Financial technology, or what we now know by the name FinTech, has had an enormous and profound impact on clients of the economic industry. Where there was once a large degree of scepticism regarding whether FinTech was simply a way to cut the financial cost of human interactions, there is an acceptance – on both sides of the fence; client and financial adviser – that FinTech has made things easier and more efficient. In fact it has been largely beneficial to consumers, ensuring that the market has been opened up to innovators, who, through the intelligent use of technology, have been able, to some degree, to level the playing field with the established operators, really helping clients find the products and services that work for them.
So, what of Legaltech, as we will call it, does it too have an important part to play in revolutionising the way that clients and consumers access the legal expertise that matters to them?
Latest on the Trade Union Bill
As the Trade Union Bill makes its way through the House of Lords, the Government has published its response to the consultation about more stringent ballot thresholds for workers in "important public services".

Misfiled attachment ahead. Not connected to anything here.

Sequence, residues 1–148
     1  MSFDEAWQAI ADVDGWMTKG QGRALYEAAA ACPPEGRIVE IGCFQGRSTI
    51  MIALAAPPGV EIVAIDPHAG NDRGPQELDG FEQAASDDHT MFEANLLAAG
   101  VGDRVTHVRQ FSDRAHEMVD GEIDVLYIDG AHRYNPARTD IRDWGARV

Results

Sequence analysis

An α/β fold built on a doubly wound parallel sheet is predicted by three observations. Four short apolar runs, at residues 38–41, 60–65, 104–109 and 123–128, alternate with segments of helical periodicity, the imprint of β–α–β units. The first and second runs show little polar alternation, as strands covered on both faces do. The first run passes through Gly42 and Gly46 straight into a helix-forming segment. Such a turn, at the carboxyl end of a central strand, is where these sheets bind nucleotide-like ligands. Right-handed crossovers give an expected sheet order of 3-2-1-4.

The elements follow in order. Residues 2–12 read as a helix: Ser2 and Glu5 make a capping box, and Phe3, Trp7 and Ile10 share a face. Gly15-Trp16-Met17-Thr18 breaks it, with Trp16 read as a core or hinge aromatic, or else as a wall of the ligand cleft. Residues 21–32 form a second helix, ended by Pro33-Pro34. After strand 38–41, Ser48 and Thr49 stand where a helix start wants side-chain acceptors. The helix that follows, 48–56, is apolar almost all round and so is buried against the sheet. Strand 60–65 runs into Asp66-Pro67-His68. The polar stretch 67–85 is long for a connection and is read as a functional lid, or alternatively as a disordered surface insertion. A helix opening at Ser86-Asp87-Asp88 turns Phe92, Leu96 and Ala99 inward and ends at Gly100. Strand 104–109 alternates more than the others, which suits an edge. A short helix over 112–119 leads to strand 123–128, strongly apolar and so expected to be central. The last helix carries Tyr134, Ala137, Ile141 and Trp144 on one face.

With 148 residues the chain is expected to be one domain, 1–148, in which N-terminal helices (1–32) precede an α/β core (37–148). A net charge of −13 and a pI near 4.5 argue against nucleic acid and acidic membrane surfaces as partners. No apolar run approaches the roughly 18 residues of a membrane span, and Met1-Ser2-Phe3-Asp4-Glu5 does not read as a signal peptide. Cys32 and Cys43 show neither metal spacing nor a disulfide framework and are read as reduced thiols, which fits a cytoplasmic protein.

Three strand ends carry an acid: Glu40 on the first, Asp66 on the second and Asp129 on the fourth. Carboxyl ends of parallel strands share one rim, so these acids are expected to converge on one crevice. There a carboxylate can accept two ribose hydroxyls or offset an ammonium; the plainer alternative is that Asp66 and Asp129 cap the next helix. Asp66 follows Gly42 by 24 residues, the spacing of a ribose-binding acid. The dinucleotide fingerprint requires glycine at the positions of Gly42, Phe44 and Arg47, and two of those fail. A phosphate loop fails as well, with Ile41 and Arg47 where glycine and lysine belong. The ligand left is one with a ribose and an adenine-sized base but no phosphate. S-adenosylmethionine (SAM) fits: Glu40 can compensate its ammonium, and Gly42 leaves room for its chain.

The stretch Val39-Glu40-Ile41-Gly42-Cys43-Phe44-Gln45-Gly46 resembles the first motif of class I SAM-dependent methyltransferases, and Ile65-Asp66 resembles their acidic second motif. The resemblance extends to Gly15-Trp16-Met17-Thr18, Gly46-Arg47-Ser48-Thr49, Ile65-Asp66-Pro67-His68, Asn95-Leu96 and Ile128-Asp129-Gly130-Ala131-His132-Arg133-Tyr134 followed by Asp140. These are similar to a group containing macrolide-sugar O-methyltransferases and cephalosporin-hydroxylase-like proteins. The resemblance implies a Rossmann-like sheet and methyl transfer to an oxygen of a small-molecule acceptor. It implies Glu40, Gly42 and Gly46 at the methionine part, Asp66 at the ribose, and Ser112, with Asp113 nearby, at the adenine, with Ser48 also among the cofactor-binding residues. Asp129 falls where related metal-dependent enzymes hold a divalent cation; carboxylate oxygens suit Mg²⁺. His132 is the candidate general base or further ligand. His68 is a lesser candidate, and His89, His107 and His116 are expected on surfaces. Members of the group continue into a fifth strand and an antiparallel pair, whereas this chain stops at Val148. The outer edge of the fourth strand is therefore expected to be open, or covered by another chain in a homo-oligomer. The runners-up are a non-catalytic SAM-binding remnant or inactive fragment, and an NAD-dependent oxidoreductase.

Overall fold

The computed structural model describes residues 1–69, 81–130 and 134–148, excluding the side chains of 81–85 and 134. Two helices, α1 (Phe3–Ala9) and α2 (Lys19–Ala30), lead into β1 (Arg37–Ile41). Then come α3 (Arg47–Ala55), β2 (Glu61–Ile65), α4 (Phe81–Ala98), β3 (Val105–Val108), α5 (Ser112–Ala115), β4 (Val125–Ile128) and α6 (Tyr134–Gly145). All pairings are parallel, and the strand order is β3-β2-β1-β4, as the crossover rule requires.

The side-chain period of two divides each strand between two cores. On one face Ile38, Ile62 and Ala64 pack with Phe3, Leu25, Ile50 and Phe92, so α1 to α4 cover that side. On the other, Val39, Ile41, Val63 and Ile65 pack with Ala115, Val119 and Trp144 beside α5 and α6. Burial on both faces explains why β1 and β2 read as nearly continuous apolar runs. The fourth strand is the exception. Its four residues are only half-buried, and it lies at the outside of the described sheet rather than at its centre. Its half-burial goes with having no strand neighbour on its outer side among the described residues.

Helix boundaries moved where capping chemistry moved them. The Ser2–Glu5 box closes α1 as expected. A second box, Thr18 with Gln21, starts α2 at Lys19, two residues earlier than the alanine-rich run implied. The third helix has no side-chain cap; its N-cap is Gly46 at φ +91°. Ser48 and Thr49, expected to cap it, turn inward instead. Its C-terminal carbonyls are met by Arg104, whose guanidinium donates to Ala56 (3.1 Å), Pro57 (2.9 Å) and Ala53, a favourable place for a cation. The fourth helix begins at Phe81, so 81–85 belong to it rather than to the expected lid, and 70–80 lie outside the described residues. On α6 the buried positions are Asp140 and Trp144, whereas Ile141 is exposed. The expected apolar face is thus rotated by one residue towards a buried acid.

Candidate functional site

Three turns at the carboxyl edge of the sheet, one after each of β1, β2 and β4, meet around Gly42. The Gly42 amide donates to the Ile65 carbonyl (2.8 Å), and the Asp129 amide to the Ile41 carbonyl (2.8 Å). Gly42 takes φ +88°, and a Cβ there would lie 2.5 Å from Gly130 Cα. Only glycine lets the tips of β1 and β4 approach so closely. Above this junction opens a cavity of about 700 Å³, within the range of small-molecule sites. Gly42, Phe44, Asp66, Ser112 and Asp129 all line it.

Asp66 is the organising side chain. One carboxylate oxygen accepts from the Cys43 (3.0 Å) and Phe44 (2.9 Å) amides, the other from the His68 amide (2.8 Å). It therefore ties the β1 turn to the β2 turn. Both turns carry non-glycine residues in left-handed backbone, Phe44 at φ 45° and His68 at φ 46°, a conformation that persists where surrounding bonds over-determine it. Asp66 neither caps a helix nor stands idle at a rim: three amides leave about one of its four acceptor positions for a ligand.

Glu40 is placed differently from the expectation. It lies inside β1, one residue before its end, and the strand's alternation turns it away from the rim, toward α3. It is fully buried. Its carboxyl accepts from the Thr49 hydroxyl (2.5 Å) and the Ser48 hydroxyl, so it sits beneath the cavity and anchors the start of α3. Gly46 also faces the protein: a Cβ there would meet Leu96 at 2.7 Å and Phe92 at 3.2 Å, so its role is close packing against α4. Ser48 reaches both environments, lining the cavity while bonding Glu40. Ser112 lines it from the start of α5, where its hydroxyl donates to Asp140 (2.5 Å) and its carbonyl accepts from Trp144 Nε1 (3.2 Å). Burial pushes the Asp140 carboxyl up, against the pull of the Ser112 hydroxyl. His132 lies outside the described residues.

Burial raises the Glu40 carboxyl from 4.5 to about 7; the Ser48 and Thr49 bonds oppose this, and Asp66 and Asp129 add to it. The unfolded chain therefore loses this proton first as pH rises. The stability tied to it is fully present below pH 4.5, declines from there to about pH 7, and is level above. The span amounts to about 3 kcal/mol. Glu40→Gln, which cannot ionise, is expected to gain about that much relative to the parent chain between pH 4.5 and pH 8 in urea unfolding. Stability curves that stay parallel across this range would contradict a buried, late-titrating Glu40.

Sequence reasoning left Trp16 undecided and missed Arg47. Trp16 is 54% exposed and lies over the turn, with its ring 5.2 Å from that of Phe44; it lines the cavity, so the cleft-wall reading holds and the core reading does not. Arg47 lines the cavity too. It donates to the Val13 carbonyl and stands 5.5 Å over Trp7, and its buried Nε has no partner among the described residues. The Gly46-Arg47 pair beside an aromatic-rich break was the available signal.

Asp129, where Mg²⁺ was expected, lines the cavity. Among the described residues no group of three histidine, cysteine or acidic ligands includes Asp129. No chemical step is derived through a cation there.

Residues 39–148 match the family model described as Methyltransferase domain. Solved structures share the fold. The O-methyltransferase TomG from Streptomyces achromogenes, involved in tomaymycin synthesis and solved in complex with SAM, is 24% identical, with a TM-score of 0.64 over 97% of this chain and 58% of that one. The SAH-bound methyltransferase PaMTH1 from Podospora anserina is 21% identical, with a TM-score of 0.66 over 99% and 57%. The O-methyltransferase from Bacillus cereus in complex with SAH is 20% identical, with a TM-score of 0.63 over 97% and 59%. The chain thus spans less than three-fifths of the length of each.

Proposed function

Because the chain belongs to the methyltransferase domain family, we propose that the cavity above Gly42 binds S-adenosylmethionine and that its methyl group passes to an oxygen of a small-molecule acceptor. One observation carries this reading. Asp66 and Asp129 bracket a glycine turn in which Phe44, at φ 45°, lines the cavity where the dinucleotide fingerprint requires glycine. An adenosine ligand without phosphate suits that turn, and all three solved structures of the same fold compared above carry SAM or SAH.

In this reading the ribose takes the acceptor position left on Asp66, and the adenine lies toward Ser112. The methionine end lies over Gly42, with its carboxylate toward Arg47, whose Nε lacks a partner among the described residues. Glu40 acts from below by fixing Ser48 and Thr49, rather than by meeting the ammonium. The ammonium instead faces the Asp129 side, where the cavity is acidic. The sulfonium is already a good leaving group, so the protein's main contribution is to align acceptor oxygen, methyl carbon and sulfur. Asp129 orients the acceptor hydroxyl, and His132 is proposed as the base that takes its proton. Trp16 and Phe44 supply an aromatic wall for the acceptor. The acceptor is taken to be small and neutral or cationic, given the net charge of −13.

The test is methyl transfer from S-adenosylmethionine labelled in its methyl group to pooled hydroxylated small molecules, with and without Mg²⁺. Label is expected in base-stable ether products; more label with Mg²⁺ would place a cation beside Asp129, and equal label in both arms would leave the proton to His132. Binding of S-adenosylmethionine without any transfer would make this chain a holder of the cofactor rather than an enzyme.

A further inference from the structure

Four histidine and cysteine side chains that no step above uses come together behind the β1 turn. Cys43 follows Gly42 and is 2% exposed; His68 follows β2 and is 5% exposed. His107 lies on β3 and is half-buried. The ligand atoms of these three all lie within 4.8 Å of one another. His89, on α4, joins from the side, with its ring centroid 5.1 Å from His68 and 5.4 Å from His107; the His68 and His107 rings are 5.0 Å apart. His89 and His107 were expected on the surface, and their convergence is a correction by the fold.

Under the new Bill, a union will only be able to call a strike where at least 50% of those members eligible to vote participate in the ballot and a majority of those participants vote in favour of strike action. However in "important public services", in addition to the requirement of a 50% plus turnout, at least 40% of eligible members must vote in favour of strike action.
National living wage
On 1 April the National Living Wage will become law.
Employees aged 25 or over, who are not in the first year of an apprenticeship, will be legally entitled to be paid at least £7.20 per hour - an extra fifty pence per hour more than the National Minimum Wage. The Government is committed to increasing this every year, so by 2020 the rate will be more than £9 per hour.